“There is so no such thing as ‘away.’ When we throw anything away it must go somewhere.” ~ Annie Leonard
Just hear me out while I talk about litter.
I was recently in Big Sur, which is a remote section of the California coast where mountains meet beach and alchemize into the ultimate beauty. The multitude of roadside vistas that offer jaw-dropping views make Big Sur rightfully deserving of its protected American National Scenic Byway title.
On my drive back to San Francisco, after a very peaceful night camping under the full moon, l pulled off on the side of the road to take a picture of the fog blanketing the Pacific Ocean. I looked down at my feet to find a wrinkled pastry bag from Starbucks. I’m not so naive to believe that we do or will anytime soon live in a perfect world where littering is a non-issue, but I was still appalled that this is how America’s beloved coffee chain has made its way into nature.
Big Sur’s point of pride has long been its untouched natural beauty.
For years it has served as a refuge for creatives and healers who want to get away from human chaos and rejuvenate and regroup. I delight in nature for similar reasons–to clear my head when I sense burnout is starting to settle into me. Making Big Sur into a protected natural space has been a collective effort. In 1962, a Monterey County won a court case banning billboards and new construction from being erected adjacent to the stretch of land along Highway 1.
The rule of thumb is that if you can see it from the road, then you cannot build it.
But Mother Nature is not the gift that keeps on giving. We must do our part to keep these areas pristine.
Trash is not a new problem, but it begs to be revisited now more than ever. We cannot afford to be squandering our planet’s limited resources on fixing a trash problem. We are not separate from the decisions we make. How we do anything is how we do everything, and this in turn feeds into a collective understanding of how we interact with the natural world around us. Litter does not need to be a problem and there is a simple solution to fix it.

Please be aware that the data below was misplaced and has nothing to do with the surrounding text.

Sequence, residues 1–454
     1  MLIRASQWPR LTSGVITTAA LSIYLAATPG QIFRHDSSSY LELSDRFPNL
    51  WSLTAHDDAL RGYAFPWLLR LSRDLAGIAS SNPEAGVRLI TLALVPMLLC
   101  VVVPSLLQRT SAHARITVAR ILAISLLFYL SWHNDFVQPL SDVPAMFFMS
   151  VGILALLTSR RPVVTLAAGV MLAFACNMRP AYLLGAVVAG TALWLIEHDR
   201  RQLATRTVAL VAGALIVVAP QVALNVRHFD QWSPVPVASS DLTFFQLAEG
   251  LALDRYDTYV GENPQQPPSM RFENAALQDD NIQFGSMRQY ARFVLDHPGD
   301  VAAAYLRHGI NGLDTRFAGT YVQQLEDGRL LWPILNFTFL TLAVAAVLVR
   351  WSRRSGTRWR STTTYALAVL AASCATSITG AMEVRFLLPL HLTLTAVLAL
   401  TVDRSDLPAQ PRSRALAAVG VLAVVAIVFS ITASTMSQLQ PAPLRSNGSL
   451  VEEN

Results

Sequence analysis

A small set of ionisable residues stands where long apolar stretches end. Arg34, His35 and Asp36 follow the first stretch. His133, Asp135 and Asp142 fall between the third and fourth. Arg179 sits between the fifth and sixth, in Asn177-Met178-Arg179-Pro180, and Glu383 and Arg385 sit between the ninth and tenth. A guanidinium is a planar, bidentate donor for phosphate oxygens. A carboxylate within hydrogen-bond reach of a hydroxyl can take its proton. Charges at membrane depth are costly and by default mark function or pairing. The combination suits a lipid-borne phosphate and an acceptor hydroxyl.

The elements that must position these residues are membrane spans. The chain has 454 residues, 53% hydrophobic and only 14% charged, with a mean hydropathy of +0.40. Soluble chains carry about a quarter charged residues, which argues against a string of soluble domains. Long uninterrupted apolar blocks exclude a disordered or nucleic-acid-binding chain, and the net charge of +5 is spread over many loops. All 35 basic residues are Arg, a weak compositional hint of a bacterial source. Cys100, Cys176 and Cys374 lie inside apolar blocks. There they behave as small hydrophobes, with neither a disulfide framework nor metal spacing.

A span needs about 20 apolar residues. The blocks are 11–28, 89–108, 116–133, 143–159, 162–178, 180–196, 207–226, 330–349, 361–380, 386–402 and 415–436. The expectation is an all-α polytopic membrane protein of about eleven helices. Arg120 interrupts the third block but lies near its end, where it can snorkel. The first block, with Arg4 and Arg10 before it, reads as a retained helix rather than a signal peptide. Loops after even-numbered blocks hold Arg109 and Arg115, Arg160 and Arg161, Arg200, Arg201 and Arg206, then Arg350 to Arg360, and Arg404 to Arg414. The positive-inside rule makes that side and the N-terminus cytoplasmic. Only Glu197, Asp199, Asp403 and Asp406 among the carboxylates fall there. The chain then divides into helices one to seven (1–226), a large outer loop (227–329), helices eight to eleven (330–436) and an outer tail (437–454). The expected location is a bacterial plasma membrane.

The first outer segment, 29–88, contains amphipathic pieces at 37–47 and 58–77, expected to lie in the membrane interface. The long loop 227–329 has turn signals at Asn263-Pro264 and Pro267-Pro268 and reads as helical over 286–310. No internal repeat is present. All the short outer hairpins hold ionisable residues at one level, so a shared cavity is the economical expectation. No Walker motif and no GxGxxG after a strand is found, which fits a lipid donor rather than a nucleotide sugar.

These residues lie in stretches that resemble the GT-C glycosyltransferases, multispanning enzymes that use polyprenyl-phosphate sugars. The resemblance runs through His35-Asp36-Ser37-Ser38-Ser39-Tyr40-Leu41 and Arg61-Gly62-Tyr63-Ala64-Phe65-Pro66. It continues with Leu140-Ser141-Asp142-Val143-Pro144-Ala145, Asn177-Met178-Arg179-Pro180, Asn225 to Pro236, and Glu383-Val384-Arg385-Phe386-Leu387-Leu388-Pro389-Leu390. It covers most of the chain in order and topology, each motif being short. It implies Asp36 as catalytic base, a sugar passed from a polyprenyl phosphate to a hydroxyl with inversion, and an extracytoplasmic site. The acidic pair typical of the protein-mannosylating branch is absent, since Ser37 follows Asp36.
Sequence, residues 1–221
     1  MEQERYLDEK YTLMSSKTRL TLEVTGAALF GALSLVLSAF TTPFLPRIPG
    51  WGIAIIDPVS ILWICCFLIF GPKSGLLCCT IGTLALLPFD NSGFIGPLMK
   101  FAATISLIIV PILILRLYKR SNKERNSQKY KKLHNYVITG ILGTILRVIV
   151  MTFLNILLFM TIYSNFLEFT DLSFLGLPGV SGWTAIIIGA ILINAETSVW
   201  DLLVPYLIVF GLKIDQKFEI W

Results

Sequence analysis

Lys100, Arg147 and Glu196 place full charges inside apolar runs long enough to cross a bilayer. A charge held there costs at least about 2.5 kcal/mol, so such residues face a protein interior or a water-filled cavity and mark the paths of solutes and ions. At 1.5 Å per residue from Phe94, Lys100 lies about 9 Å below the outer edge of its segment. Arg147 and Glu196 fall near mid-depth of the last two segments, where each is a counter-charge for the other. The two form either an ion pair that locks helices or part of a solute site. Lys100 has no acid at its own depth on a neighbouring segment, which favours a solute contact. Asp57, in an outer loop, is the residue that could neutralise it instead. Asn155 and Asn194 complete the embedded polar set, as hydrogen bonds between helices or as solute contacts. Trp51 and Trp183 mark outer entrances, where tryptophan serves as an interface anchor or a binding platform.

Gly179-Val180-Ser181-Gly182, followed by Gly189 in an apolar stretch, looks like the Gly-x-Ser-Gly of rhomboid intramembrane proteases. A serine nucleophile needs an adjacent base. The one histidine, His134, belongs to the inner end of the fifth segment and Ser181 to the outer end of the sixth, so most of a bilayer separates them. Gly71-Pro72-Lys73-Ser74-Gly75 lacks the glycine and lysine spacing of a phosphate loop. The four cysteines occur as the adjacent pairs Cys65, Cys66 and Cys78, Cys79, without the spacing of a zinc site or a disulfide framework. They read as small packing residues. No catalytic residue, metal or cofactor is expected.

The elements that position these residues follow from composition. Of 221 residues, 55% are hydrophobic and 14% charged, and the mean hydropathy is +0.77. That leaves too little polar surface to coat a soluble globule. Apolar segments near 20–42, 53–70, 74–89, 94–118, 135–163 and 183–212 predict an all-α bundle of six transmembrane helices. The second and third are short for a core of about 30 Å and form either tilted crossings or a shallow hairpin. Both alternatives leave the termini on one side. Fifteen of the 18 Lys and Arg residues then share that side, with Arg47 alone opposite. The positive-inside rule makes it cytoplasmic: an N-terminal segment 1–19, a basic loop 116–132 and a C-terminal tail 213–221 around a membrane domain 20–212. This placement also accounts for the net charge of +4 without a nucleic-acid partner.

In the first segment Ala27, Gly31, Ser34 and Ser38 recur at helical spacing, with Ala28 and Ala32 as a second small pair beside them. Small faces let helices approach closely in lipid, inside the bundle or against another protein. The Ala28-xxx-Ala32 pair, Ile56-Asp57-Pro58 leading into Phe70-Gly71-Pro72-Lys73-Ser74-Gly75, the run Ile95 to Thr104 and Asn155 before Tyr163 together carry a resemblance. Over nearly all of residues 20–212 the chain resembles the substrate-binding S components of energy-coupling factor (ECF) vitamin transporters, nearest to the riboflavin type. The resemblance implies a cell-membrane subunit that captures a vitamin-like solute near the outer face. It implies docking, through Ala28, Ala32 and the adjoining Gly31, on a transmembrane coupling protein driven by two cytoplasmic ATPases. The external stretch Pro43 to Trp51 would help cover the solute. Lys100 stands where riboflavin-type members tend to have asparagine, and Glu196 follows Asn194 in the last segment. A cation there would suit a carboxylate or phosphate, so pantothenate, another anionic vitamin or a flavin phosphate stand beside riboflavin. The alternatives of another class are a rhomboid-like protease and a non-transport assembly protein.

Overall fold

4 Simple Ways to Delight in Nature Without Getting Trashy
1. Pack a picnic that you can eat with your hands and share family style with your friends. The less waste you bring in, the less you have to worry about carrying out.
2. Pick up a piece of trash if you see it on the ground. You don’t have to grab everything, but making the effort to contribute to the beauty of whatever piece of nature you’re enjoying contributes to a collective mentality that nature’s beauty is precious and we are all involved in keeping it that way.
If someone else sees you picking up someone else’s litter, the power of suggestion can work wonders to influence a stranger’s decision to put their empty granola bar wrapper back in their pocket rather than on the ground.
3. Make a vow to volunteer on Earth Day or another day of the year that is meaningful to you to join a local effort to pick up trash at your local park or beach.
4. Go solo. Disconnect from technology and tune into yourself. Make your time out in nature into a personal offering of reflection and meditation. Without the distraction of friends, you will most certainly be more aware of the impact you leave on your environment. The more “tuned-in” you are, the more likely you are to realize that you are a part of it all.
Nature stays beautiful for others to enjoy because of your efforts to leave it how you found it and share this gift with others.
Local and national governments have done their legwork to make it so you don’t have too look at roadside McMansions as you drive through state and nationally protected natural areas. But keeping this beauty untouched is part of a reminder that nature is yours as much as anyone else’s and you truly have to feel that with conviction and think about how your decisions will contribute to keeping the land sacred.
Author: Caitlin Oriel
Editor: Renée Picard
Photo: Author’s Own